Rob Jackson
Rob Jackson
7 years ago

As designers we tend to be protective of our “offspring”.
How much of what is finally unleashed on the roads that remains the indisputable intellectual property of the designer remains an interesting subject for discussion.
As designers, we are insignificant. Despite what we like to think.
Balance sheets do the talking in the car business.
Ultimately, both will probably both sell to their prospective clients.
Some of these clients will be petrolheads, others simply people in search of a status symbol.
As far as the cars themselves go, neither hold a candle to the icons they claim to be inspired by.
And taste is a commodity.

Tom DesRochers
Tom DesRochers
7 years ago

I want to see Lincoln go full Superfly. As a child, whenever a Mark III , IV, or V showed up in movies and tv shows, it conveyed right away the driver was a person of significant influence. If I had the space to keep an additional vehicle I would try to buy one to restore.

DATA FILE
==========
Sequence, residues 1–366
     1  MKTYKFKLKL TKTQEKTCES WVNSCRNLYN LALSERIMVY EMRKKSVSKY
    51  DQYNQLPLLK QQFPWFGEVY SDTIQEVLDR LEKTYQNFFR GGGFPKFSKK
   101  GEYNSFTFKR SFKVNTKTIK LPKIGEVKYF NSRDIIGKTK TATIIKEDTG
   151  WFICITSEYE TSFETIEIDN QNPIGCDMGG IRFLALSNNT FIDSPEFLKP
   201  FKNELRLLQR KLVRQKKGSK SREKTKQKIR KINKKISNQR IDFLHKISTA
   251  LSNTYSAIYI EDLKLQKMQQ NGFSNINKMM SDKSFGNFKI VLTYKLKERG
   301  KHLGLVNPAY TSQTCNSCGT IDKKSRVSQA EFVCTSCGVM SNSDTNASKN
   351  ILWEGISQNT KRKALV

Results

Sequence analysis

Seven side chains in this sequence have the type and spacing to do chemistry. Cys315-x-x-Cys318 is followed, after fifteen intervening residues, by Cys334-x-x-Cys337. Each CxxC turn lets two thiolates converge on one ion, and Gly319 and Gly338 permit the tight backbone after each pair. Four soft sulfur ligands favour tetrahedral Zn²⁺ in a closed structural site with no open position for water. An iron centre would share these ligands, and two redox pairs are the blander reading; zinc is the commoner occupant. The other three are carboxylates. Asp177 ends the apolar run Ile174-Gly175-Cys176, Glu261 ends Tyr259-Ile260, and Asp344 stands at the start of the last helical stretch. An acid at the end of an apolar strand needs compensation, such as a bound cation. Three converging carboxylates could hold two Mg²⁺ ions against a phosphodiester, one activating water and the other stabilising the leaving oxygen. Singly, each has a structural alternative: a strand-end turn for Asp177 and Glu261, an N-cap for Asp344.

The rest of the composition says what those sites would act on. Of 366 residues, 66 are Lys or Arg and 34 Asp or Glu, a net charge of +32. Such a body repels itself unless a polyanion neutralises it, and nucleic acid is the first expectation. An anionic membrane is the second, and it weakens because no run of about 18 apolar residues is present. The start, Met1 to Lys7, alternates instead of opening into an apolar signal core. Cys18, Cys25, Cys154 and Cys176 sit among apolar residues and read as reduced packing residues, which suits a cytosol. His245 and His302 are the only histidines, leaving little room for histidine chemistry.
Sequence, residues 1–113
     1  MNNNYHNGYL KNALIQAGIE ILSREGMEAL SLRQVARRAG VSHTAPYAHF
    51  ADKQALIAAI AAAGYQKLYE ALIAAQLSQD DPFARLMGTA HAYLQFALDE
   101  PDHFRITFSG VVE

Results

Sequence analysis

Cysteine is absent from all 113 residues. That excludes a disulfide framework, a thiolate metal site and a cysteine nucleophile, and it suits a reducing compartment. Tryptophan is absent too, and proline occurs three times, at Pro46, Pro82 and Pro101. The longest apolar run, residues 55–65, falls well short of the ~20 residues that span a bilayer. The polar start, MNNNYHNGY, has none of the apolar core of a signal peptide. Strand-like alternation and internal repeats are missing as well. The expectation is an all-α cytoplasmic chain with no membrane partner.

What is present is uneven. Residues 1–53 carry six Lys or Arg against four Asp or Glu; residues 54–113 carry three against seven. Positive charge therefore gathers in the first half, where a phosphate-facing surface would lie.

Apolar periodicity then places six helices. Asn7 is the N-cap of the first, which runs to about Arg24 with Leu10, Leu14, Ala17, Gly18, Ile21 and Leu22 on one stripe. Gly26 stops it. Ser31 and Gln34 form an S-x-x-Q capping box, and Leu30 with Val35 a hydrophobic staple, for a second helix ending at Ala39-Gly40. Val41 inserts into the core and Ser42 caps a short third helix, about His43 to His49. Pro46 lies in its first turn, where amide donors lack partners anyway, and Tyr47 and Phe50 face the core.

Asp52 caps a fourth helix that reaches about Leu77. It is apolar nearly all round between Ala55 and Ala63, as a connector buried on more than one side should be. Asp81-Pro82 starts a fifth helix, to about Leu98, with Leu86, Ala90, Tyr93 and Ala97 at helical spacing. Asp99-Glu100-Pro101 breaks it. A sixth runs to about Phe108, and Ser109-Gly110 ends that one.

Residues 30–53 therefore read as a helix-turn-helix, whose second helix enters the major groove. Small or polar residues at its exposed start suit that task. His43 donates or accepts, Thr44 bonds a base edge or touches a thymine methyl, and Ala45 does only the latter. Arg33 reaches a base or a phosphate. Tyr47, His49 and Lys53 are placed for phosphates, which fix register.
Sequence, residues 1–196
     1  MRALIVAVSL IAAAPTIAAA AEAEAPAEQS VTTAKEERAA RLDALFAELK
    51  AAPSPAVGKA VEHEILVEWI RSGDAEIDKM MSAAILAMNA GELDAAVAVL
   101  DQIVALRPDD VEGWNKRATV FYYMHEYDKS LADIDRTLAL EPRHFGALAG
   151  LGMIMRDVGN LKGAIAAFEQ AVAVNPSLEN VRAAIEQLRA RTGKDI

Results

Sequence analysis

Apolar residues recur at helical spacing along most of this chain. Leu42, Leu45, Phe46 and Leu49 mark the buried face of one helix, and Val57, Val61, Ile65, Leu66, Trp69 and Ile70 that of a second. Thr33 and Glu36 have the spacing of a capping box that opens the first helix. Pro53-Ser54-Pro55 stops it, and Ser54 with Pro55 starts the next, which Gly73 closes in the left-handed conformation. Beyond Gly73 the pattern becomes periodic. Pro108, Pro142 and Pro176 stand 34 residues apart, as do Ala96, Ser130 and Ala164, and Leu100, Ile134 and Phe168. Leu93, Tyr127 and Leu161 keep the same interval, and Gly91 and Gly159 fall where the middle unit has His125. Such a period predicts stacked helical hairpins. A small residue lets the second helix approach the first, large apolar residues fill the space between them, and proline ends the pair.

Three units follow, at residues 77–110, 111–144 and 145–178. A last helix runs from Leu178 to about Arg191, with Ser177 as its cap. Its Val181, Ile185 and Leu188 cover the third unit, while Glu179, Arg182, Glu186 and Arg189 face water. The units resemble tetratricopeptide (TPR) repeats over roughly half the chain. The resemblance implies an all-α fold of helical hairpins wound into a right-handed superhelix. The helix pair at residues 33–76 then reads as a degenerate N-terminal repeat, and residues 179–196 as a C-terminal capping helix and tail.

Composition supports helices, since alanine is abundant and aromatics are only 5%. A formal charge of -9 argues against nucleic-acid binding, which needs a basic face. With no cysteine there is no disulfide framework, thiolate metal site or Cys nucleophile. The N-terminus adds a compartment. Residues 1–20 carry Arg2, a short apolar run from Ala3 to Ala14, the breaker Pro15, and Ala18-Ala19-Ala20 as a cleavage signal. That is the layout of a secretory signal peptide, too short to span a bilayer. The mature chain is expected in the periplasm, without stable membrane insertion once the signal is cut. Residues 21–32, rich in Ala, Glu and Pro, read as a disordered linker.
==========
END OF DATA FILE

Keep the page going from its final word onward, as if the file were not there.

Robert Spina Jr
Robert Spina Jr
7 years ago

I have to agree with David Wiles. Bentley design isn’t exactly groundbreaking. This new Lincoln is STUNNING.

JB21
JB21
7 years ago

…to go away…?

David Wiles
David Wiles
7 years ago

If I had designed a crushingly boring car like the Bentley, I really wouldn’t want to talk about it much less claim that someone is copying me.